Phil Budd poses by a waterfall on Ross Track, on the slopes of Parahaki near Whāngārei. As a boy in the 1930s he discovered this route, and some rich history.
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Contributed by Phil Budd of Whāngārei.
Whangārei is overlooked by the mountain, Parahaki. As a country boy who did not enjoy moving to town, I found my pleasure and escape on the flanks of Parahaki, amidst its kauri trees.
Today the Second World War memorial on the summit is reached by four routes including a road. In 1936 there were only two paths: the main path from the north, and one from the east above the lower Hatea River.
As an 11-year-old, the eastern path became my normal route for excursions into the bush. It was an easy track through scrubby mānuka, worn into a groove by the hobnailed boots of an earlier generation of industrious gum diggers. These men in turn were following a path worn by the bare feet of Māori, who would leave their fortifications on the summit of Parahaki and come down to the pīpī beds and fishing at Whangārei Harbour.
One day I took a different route. At Sunday School we had learned of David Livingstone searching for the headwaters of the Nile. Going past our house was a small stream that had its source somewhere near the top of Parahaki. Where?
Taking on the persona of the great missionary explorer I stepped into the stream, followed it up, scrambling over a few small rapids and discovered an old mine shaft. Someone earlier in the century had followed a thin brown seam shot with a trace of gold, hoping it would turn into something richer. It didn’t.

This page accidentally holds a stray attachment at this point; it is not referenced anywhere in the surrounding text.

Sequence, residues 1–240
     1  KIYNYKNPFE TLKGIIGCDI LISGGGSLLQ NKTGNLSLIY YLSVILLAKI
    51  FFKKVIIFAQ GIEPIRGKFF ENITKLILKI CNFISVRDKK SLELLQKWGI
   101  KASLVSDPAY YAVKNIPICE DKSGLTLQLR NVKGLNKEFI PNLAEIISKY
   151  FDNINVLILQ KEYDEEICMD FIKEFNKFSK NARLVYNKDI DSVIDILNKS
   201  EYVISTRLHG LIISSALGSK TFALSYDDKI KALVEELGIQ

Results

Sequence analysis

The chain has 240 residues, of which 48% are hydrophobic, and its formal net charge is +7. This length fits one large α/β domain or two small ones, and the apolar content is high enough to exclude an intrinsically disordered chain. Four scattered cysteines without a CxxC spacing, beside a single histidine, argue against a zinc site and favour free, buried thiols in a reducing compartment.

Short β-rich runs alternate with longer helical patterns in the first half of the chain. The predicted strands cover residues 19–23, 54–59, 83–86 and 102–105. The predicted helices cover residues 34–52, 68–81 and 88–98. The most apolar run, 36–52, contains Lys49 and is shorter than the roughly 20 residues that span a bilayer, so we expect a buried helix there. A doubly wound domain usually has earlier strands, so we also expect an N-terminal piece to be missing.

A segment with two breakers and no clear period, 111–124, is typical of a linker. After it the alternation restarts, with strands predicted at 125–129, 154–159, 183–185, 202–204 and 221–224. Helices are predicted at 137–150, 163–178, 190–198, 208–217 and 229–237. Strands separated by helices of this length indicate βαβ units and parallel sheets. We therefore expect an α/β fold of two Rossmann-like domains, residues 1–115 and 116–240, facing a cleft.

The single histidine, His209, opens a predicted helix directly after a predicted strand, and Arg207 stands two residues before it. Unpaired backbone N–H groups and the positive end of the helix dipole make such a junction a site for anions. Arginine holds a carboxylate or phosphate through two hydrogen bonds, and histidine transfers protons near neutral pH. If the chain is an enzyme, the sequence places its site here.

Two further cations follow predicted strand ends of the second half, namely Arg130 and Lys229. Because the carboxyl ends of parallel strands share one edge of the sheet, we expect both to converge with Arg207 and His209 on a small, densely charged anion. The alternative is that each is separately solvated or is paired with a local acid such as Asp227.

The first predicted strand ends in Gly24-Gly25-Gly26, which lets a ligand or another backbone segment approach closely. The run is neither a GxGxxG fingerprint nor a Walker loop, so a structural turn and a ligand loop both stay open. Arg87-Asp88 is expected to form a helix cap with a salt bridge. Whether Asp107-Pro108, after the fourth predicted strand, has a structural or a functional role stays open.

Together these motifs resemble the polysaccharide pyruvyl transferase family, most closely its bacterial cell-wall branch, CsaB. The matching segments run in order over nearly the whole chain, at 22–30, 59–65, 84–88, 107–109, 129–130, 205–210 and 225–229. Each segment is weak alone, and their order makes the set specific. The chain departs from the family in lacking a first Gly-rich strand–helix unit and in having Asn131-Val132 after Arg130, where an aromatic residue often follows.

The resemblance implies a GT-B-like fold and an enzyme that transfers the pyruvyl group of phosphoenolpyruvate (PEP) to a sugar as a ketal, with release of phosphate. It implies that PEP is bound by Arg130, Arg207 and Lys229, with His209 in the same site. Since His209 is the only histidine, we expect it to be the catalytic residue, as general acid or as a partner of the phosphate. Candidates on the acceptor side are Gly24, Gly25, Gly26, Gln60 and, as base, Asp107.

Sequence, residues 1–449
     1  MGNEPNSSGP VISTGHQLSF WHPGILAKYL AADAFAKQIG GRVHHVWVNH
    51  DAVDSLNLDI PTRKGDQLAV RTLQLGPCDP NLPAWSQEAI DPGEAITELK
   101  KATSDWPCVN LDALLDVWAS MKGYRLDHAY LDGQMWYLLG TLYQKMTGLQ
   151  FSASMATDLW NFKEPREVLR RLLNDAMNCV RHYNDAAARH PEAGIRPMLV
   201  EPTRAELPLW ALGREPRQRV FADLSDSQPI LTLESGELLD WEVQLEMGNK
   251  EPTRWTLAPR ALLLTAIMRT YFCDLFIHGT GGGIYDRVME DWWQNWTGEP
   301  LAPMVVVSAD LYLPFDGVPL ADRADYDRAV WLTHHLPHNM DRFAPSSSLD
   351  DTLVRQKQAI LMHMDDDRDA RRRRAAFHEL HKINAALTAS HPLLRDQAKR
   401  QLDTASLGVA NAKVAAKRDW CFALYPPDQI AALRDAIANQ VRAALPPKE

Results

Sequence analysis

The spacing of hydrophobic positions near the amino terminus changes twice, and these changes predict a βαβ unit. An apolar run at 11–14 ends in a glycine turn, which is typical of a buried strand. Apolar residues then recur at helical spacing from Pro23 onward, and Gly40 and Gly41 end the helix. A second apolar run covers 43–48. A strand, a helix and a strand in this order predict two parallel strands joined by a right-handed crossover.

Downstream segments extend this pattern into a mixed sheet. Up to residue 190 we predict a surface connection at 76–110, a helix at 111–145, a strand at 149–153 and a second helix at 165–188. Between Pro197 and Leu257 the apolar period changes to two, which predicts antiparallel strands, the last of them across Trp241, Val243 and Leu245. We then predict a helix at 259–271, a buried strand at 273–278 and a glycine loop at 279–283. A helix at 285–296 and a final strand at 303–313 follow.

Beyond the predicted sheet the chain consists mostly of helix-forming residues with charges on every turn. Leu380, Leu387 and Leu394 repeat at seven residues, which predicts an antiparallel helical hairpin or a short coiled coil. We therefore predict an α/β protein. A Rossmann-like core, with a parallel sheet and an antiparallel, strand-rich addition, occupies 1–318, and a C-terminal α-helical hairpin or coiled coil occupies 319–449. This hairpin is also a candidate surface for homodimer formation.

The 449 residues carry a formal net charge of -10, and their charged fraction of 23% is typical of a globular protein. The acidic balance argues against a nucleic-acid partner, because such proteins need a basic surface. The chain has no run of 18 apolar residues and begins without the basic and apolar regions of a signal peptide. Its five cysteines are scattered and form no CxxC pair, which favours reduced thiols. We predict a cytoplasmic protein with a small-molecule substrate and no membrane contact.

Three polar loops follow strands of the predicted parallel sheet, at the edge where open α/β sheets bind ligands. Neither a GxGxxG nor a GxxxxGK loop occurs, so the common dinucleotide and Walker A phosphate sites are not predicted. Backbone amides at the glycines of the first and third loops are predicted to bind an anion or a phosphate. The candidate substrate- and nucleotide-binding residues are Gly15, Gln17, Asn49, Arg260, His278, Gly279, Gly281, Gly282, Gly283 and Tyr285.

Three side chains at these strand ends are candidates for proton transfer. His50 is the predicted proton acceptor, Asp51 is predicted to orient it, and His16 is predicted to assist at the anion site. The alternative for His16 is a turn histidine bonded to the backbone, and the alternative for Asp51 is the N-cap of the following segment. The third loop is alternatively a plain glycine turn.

Beyond the mine was thick bush. Here the stream became a cascade tumbling down a series of waterfalls. As I worked my way up I noticed the soft sandstone had worn patches, suggesting other feet had been up there. My hunch proved right, as further up a distinct if overgrown path moved off to the left up a ridge. Later exploration led me to the Māori fortifications at the top of Parahaki. The stream had been the path of ancient warriors coming down for water on the Hatea River.
Following the stream up, I came to a level area where large kauri and rimu trees gave me a real sense of being enveloped in (Livingstone) jungle. Calm pools had large kōkopu (fish) in them. Later I came up and fished for them, and felled a cabbage tree to enjoy its succulent heart.
Continuing my exploration I fought through a tangle of supplejack and eventually came to a small soak at the base of a bluff. It was the stream’s source. I had done the Livingstone thing and found the source of the stream. I had also found a new and nearer route to the top of Parahaki.
In 1945, on discharge from the New Zealand air force, I discovered that ‘my track’ had been turned into a proper path with stairs up the waterfall. It was named ‘Ross Track’.
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